Kolb's Theory Of Experiential Learning Analysis

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Theory is Everywhere: Kolb’s Theory of Experiential Learning
“College is hard, but dental school will break you”, is the first statement I heard from a 4th year student when I first started working with students as the graduate assistant for the Office of Student Affairs, within the University of Iowa College of Dentistry. I was shocked and confused by this statement because standing before me was a student who had graduated with a 3.95 grade point average in their undergraduate study and was in the top of their class in dental school. I asked them to clarify and they responded by explaining that the first two years are all bookwork with a few practical skills and the last two years are all practical work with little bookwork. They told me
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The first and second year curriculum is rooted in reflective observation due to the heavy course and bookwork the students are assigned. They also are moving through to the abstract conceptualization stage during the first and second year because they are observing in clinics and working on molds. The curriculum model allows them to draw on what they have read and begin to formulate their own best practices, while abiding to guidelines. The third year focuses on active experimentation as students are in clinics for most of their course work. The clinics allows for students to be hands on with their skills and use what they learned from the prior two years of the program. They are supervised by practicing dentist and are observed and critiqued for their hand skills and professional demeanor. They are able to incorporate what they have learned from the faculty to practice in the field. The cycle comes full circle during the fourth year of the program when students move into the concrete experience and are able to practice and hone in on their own practice. They are able to take what they have learned from the previous three stages and grow and adapt to the forever-changing field of …show more content…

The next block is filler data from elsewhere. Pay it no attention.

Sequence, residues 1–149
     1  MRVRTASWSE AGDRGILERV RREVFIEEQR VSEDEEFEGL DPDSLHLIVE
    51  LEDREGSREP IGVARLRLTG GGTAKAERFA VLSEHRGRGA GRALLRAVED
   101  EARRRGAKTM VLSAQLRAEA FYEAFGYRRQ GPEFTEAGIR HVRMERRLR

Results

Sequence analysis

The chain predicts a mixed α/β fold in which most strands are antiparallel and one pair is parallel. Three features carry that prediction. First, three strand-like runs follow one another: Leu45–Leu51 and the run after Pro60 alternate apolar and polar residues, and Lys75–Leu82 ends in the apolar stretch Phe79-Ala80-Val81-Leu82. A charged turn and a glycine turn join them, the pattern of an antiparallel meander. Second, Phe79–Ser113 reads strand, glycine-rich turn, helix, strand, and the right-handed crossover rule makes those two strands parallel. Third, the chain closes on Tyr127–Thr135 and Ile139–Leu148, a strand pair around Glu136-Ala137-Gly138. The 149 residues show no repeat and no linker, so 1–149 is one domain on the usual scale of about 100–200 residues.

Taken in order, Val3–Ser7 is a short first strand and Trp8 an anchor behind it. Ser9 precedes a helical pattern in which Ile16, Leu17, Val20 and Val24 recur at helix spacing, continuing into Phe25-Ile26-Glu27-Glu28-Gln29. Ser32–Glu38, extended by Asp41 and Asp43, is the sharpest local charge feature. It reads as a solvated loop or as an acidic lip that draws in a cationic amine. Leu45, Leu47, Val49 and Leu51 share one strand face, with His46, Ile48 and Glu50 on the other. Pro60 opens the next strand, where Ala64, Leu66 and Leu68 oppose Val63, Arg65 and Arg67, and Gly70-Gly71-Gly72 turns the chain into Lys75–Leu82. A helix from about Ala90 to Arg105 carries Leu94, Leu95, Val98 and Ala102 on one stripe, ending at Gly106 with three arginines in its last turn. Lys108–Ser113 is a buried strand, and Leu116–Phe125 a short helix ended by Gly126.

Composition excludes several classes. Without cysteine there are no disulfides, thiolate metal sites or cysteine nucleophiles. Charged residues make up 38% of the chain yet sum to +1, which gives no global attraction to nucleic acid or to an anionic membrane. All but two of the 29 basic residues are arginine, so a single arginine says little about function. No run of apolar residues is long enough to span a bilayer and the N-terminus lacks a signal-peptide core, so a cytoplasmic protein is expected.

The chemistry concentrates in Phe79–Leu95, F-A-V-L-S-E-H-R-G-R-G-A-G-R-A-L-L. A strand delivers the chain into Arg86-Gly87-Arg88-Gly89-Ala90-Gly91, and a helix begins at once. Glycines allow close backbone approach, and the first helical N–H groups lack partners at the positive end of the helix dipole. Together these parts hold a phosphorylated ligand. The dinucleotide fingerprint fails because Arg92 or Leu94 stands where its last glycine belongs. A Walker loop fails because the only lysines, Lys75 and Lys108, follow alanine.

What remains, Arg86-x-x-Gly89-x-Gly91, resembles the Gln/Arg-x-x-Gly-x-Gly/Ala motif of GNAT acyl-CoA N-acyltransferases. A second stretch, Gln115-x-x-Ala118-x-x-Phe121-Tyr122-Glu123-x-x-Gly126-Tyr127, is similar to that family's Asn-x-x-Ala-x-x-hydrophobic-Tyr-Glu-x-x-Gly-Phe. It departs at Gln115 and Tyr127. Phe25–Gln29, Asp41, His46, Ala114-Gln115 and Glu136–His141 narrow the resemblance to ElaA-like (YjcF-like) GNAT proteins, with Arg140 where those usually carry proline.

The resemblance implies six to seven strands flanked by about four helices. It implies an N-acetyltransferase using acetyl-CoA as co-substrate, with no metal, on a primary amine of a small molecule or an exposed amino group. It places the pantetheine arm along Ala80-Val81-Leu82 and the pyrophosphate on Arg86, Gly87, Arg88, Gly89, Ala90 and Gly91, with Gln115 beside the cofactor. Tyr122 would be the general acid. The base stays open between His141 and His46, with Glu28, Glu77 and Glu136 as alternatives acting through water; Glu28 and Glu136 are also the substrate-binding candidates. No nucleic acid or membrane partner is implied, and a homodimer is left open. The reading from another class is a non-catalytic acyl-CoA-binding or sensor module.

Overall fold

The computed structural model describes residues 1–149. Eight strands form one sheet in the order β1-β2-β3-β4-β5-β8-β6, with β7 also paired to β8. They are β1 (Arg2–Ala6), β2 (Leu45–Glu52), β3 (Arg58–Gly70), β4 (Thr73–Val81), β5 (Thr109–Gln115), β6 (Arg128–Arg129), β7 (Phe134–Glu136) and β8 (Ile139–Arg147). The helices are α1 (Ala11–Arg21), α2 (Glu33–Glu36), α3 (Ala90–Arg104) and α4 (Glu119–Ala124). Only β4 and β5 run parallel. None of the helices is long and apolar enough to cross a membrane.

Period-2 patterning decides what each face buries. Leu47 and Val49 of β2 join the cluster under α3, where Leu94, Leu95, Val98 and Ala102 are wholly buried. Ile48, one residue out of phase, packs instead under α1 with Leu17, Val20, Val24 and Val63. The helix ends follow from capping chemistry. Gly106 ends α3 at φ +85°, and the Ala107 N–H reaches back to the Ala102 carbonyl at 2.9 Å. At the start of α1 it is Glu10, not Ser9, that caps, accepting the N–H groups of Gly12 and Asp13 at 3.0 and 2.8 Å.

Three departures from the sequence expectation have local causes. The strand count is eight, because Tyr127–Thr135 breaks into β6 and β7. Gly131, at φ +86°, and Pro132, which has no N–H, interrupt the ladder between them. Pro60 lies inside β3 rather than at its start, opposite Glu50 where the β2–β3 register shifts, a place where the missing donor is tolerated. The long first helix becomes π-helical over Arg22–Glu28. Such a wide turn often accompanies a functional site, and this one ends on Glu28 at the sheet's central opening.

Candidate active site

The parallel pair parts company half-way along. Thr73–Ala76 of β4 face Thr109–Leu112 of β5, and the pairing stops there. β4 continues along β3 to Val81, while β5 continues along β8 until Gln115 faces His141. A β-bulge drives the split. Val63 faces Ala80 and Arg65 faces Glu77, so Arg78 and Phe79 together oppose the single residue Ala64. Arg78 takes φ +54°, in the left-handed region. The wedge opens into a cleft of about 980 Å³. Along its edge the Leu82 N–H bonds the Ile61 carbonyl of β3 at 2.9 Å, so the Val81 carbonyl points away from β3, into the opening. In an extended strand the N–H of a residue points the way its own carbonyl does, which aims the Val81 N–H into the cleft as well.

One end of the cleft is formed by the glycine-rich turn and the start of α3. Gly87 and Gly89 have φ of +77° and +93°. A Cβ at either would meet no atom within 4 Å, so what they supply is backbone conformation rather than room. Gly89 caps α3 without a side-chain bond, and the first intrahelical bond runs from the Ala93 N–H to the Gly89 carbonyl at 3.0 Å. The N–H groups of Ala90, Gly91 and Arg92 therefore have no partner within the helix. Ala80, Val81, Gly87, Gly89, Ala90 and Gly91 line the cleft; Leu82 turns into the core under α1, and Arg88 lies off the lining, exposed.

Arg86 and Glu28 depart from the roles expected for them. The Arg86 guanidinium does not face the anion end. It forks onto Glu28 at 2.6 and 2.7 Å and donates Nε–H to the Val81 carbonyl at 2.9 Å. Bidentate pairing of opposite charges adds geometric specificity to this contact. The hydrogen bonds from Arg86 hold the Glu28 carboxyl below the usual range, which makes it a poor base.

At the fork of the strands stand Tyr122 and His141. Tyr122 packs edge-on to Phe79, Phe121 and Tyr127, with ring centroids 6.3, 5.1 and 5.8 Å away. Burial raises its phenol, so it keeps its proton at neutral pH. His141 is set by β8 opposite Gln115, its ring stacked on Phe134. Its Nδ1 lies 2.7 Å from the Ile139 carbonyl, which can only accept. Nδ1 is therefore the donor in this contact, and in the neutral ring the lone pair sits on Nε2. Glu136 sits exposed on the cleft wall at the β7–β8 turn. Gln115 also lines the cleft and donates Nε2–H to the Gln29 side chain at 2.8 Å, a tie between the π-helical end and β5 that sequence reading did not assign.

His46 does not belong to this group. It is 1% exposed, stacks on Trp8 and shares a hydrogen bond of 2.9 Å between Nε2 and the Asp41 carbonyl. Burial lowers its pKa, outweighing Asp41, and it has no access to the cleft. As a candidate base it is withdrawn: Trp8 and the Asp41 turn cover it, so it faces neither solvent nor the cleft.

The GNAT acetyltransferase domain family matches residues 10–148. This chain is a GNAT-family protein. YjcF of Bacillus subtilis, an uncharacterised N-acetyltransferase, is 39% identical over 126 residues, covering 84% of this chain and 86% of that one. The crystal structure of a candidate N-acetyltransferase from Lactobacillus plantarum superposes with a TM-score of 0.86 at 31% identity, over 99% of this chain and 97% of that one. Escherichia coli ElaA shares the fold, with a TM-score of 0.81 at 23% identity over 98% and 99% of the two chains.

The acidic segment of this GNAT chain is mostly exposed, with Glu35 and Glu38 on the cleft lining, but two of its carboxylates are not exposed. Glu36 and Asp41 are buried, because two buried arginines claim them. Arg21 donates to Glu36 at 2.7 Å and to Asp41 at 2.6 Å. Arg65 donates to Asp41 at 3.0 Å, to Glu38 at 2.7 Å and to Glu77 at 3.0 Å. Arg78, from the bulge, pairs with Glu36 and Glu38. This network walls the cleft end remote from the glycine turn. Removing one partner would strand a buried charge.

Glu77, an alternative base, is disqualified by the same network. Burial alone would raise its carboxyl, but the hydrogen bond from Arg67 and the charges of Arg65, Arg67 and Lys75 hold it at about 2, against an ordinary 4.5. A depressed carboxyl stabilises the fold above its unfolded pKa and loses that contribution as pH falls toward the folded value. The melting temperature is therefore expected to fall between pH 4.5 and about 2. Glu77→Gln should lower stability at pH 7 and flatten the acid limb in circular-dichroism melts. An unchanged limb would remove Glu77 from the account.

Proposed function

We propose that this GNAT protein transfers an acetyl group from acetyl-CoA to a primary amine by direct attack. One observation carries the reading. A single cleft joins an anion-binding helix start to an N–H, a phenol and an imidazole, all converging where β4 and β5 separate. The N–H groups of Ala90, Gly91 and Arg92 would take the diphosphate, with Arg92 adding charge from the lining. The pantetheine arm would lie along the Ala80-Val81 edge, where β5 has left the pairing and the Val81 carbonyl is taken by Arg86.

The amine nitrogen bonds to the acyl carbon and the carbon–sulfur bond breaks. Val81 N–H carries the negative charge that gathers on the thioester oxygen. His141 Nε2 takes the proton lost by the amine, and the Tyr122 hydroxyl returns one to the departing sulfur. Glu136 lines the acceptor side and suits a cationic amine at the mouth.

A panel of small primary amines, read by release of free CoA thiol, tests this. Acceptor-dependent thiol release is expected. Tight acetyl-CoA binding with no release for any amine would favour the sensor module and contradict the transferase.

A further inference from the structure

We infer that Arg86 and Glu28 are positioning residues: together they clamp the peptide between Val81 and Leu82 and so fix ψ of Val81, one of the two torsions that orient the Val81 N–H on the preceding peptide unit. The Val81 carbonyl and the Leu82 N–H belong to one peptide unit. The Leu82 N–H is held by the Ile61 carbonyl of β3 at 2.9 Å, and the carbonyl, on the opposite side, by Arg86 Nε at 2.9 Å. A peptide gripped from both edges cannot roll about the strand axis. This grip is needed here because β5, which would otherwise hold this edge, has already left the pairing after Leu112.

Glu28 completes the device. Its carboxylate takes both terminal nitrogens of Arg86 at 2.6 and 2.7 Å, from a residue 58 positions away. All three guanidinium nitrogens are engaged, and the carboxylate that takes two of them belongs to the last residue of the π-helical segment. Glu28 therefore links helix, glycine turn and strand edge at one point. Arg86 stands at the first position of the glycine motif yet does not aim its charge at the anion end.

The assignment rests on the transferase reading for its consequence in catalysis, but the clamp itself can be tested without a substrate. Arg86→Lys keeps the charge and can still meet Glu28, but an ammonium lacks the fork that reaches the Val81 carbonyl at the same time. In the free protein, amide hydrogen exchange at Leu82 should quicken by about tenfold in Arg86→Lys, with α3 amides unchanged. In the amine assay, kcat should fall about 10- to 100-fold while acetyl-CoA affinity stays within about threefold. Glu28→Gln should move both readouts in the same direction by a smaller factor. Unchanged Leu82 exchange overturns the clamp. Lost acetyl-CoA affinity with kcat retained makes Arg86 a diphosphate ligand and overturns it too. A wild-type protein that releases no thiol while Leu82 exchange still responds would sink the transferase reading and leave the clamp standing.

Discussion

Is it beneficial to “force” these students to go through the four-stage cycle? As Kolb noted some of the abilities are opposites and therefore the student must choose (CE or AC) and (AE or RO) in certain learning situations (Evans et al., 2010). Coker and Porter (2015) argue that while one experience may be beneficial to one student or a group of students, it may not be beneficial to all. I argue that the data from the College of Dentistry supports that this curriculum is indeed successful and one of the best in the United States. According to the college it is one of only two dental schools in the nation to offer advanced education in all ADA recognized dental specialties and this is because of the last two years being so focused on the clinical experience (“Did you Know”, 2015). Also, the University of Iowa has roughly 80% boards pass rate the first time, which is above the national average (Shaun O’Neil, personal communication, February 20, 2015). One interpretation to the above data can be that the curriculum allows students to use both practical and theoretical skills at more successful rates than their peers from other

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